Kansas House Democratic primary candidates on issues: gun violence

The Post polled readers last month on questions they want to hear from Democratic candidates running for the Kansas House of Representatives. Based on that feedback, we’ve developed a five-point questionnaire with the most important issues for Johnson County voters.

Each day this week, we will post the candidates’ answers to one of the five questions. The candidates previously answered questions about abortion policy and the teacher shortage in Kansas. Today, we are publishing the candidates’ answers to the following question:

Democratic lawmakers have for years pursued bills aimed at reducing gun violence in the state, but have made virtually no progress. Do you see a potential path to meaningful legislation in this area? If so, what approaches would have the best chance of moving forward? If not, please explain your thinking.

Below are the responses the position received from candidates on this question:

District 14

Dennis Miller

I agree with the recent bipartisan gun safety bill that was recently signed into law that urges states to pass “red flag” laws that allow people to petition the courts to remove guns from fire from individuals who pose a threat to themselves or others. It also expands background checks for 18-21 year olds. It also further limits those convicted of domestic violence to their partners.

Matt Maciel

Maciel told the Post that he has stopped campaigning for that race, but will still be on the ballot.

District 30

Courtney Eiterich

My father was a hunting guide and my children are scouts. I understand that owning firearms is a huge responsibility. That’s why I support sensible gun laws that save lives. We must expand background checks on all gun sales, restore legislation that requires licensing and training to carry a gun, and treat gun violence as the public safety issue that it is.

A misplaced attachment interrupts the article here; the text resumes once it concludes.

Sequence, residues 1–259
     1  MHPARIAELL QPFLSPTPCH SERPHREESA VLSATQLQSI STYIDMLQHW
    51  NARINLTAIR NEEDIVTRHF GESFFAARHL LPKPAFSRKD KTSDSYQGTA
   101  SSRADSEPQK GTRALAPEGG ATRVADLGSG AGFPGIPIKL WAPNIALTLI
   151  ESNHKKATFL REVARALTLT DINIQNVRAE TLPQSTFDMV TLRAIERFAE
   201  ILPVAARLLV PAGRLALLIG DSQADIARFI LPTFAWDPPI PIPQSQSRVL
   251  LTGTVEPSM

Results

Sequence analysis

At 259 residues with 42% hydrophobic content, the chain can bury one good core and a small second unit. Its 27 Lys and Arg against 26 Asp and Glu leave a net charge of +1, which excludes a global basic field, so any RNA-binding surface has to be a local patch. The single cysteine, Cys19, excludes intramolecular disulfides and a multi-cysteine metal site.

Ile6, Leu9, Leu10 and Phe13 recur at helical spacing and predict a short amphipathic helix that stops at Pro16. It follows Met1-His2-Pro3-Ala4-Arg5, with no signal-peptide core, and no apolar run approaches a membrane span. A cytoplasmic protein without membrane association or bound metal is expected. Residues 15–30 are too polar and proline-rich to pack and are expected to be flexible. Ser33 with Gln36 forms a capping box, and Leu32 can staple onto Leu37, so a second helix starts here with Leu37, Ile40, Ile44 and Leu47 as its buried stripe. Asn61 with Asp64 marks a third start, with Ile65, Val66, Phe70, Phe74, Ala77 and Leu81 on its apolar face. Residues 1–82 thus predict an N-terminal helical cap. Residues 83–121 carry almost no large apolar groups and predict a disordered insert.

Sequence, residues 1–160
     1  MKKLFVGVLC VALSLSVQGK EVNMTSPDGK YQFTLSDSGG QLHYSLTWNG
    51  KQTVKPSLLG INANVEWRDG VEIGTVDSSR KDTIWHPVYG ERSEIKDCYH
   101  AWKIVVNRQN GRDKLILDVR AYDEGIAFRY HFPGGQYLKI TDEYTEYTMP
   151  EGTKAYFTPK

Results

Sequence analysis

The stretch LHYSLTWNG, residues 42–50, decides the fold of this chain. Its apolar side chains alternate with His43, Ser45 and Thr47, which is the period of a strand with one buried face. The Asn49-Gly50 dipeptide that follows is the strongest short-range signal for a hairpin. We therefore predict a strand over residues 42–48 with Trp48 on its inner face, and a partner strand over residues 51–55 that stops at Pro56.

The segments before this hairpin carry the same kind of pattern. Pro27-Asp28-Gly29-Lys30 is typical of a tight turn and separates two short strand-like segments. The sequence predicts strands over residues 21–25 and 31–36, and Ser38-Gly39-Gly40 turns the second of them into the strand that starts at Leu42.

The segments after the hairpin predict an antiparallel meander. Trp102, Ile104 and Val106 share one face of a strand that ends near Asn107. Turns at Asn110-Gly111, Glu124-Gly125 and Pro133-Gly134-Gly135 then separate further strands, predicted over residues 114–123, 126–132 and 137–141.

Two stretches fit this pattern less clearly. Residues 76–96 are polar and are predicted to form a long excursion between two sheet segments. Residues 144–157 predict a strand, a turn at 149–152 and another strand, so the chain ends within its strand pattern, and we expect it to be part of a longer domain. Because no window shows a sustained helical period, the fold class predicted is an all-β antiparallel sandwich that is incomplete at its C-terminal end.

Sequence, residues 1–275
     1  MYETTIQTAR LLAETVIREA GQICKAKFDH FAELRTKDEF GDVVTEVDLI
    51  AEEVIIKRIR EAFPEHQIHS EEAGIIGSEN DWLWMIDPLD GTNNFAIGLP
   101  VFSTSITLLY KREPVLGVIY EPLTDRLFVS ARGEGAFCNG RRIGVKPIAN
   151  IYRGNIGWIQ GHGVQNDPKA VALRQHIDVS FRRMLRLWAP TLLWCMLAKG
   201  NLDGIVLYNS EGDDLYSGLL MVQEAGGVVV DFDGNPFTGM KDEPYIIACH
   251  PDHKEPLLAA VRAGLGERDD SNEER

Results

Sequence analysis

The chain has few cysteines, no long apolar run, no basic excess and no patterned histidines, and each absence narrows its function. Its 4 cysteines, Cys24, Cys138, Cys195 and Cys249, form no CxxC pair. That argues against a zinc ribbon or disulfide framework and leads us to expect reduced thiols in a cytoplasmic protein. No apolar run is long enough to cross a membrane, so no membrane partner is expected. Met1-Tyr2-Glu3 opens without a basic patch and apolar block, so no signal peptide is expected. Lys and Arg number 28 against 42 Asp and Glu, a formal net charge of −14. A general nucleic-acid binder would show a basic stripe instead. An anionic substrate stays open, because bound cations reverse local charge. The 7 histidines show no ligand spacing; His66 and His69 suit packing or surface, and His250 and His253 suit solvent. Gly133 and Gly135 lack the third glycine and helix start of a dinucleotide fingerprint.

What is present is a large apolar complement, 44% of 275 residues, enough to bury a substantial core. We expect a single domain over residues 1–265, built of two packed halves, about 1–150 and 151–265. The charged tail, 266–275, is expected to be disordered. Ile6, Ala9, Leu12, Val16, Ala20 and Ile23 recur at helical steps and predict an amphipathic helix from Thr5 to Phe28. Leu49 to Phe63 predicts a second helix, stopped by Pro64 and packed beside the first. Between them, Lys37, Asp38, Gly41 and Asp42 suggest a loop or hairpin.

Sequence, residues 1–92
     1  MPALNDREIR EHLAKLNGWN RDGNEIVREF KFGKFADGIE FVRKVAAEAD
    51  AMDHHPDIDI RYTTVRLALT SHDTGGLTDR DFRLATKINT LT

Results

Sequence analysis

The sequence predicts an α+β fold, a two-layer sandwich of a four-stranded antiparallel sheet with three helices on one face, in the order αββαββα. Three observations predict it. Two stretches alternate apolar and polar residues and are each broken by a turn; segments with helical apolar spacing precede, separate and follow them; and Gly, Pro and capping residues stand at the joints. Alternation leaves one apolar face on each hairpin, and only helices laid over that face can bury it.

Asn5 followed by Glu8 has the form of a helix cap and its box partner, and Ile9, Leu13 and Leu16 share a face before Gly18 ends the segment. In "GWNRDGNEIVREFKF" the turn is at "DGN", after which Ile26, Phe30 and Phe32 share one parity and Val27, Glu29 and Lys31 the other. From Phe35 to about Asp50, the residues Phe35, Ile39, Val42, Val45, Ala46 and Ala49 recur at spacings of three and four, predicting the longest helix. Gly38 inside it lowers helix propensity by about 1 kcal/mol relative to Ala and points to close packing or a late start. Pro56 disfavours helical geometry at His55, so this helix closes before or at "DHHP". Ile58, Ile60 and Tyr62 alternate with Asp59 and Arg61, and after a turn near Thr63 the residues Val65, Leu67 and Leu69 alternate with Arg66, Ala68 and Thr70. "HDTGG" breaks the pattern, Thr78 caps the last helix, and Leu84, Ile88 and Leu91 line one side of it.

Scott Perkins

I believe the path to meaningful legislation must start with small steps. Making small changes that opposing viewpoints can accept will build trust and form common ground on an issue. These small changes may not seem significant at first, but they can alter the inertia and initiate movement in a different direction. For the sake of transparency, I wish to disclose that I am an athlete, own firearms (shotguns and rifles), and participate in hunting and occasionally other shooting sports. I recently completed the NRA Candidate Survey and answered the NRA’s question about banning high-capacity magazines as follows;

Waterfowl hunters have accepted a 3-round magazine limit since the 1930s, several states added the 3-round magazine limit to deer hunting regulations. I think a 3 shot limit for deer hunting, upland bird hunting and small game hunting in Kansas is reasonable regulation that sportsmen could accept and would be a small step forward.

On Thursday, we will publish the candidates’ answers to the fourth question:

Climate change remains the most requested topic by our readers. What role should the legislature play in improving climate resilience here in Kansas? How prioritized is climate change mitigation in your vision for the legislature?

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